Which moment might be the hardest in all of the history of mankind? Answer Rorcal: That one moment – for each person individually or as a whole society – when we realize that the end is unavoidable that we cannot change it anymore no matter what we do about it. The moment of total silence. Of course, their new album is not one of complete Silence, it’s just the idea behind it. Nevertheless, this kind of “silence” might be one of the most brutal, devastating and haunting ones ever.
One should not underestimate the importance of the pandemic and the record that Rorcal released in the middle of it: Witch Coven, (here our review) their collaboration with their former band member and original bass player Bruno under his moniker Earthflesh, might have been one of the heaviest things they have ever done, even considering their perchance for heavy, dense, claustrophobic sounds. Here at VoS we have even you given a lengthy, detailed look at their immensely important HLGBLS record and we also looked closely at their last regular full-length Muladona, their sonic (onslaught) adaptation of Eric Stener Carlson’s book of the same name.
If anybody wants to say that Rorcal are back with a record of a totally different character, then I’d be laughing. However, if anybody told me that they are doing the same thing over and over again, then I’d be laughing. Too. Because yes, their sound is still Black Metal, dark, enigmatic, engaging, disturbing Black Metal. However, there are moments when we witness a side of the Swiss wizards that is in some ways different. Listen to the little lack of noisey elements and you witness the difference to Witch Coven. Detect the near-clean vocals in ”Extinguished Innocence” and it will be clear that this is not the same band that release that bastard called HLGBLS thirteen years ago. At Soulcrusher, their drummer Ron, our man Martin and me had a discussion whether this record is a bit tamer than their previous ones and we agreed one thing: This record in a way is their most extreme one because the different elements and parts of the entire soundscape are more wide-spread than ever before resulting in the fact that the harsh attacks seem even harsher because some of the more melodious parts are a bit more melodic as well. And as the music is reaching out further to both sides of the spectrum the middle in between is bigger and thus the edges seem more profound. Thus it remains up to the listener whether he is more agitated by the calmer or more thundering parts, both are there – the tiniest of silver lining coming in to your isolation cell at the end of death row with a dozen doors between the source of light and yourself AND simultaneously one might also feel more in the middle of the storm than ever before because the black is blacker than ever via the contrasting white at its side.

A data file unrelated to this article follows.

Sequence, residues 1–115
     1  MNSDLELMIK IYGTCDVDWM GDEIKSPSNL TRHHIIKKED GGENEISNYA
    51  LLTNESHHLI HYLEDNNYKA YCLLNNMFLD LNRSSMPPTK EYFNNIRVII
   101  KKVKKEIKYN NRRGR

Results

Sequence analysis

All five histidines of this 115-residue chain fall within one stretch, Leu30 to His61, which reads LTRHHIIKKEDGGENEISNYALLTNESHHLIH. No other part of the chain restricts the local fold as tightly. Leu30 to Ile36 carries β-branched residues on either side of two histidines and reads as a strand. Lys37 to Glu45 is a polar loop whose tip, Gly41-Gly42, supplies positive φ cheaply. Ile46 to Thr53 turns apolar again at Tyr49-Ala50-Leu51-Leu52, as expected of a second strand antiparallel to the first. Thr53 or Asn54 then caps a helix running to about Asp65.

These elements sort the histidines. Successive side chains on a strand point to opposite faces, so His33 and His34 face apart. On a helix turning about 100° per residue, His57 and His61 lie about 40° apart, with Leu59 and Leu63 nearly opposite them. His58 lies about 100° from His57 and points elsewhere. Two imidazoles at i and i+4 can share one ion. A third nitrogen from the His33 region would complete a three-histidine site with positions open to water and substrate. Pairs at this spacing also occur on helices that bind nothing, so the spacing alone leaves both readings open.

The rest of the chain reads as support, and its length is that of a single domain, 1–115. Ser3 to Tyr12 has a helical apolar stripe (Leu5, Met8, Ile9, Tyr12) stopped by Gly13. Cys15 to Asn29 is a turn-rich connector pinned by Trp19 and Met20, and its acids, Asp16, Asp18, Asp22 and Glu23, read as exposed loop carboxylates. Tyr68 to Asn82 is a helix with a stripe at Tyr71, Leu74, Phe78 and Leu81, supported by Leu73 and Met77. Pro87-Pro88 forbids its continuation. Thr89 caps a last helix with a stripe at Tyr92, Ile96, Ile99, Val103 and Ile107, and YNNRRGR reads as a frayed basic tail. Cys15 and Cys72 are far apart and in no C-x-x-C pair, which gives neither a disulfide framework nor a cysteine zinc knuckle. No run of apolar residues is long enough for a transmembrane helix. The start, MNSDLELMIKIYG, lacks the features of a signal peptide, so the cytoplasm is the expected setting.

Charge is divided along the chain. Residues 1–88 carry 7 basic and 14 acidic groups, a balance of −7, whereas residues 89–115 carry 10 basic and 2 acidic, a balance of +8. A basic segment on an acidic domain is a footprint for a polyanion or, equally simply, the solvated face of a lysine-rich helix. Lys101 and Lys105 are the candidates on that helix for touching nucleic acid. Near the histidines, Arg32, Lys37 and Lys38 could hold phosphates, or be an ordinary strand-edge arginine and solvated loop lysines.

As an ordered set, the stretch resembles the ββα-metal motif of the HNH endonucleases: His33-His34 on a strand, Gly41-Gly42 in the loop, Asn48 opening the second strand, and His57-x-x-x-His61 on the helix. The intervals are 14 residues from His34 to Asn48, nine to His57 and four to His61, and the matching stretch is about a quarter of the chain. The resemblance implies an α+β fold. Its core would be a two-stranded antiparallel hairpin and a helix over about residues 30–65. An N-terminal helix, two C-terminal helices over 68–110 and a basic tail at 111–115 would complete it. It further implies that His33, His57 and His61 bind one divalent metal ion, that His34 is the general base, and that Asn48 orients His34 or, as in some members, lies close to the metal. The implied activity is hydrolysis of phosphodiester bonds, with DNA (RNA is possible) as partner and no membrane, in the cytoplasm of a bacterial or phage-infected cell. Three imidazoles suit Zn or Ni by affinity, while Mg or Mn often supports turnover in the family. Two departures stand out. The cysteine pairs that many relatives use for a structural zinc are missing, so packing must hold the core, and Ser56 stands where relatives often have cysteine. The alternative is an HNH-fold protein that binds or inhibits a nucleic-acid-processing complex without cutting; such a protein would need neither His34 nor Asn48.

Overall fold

There are however things that remain the same with Rorcal and they probably always will: The band is not trying to give us only music for our ears, they also give us a lot of food for thought. Imagine the moment when the catastrophe is upon us, there is no way back, there is no escape, there is no way out, the only way is further towards that end. That moment is the title-giving Silence, because what is there to be said when we (as individuals or as a whole species) have achieved what we are seemingly striving for since our beginning. That moment of utter failure, of complete oncoming destruction and afterwards the abyss that only the cockroaches will live to see and live through. The tracks are a glimpse at how abysmal and un-survivable that end will be, there is ”No Alleviation, even in Death and any strife towards embroidering and stressing that silver lining is futile, for ”Hope is a Cancer” and after everything is wasted and done, the only thing left will be the ”Constant Void”.
We have to talk about the final track for a moment, because we are also heading towards the end of this review: ”No Alleviation, even in Death” is one of the most profound pieces of music I have heard all year long: It starts with an Industrial soundscape stretching above and beyond and reveals the Doomy character of the track only after like 150 seconds and when both sides are combined in the second half with the metallic clunking in the background and the harsh Doom parts floating into angular Noise bits – this is what black magic is to me.
Rorcal, ladies and gentlemen. Not your average band with no average record – they’re all perfect in their own right and existence. This record is their most post-apocalyptic one ever, but who knows what that moment will sound like. We will probably not hear it, for according to Blixa ”Silence is sexy / So sexy / As sexy as death […] Just your silence is not sexy at all”. And with these enigmatic lines I will leave you to your own judgment on the nature of Rorcal Silence :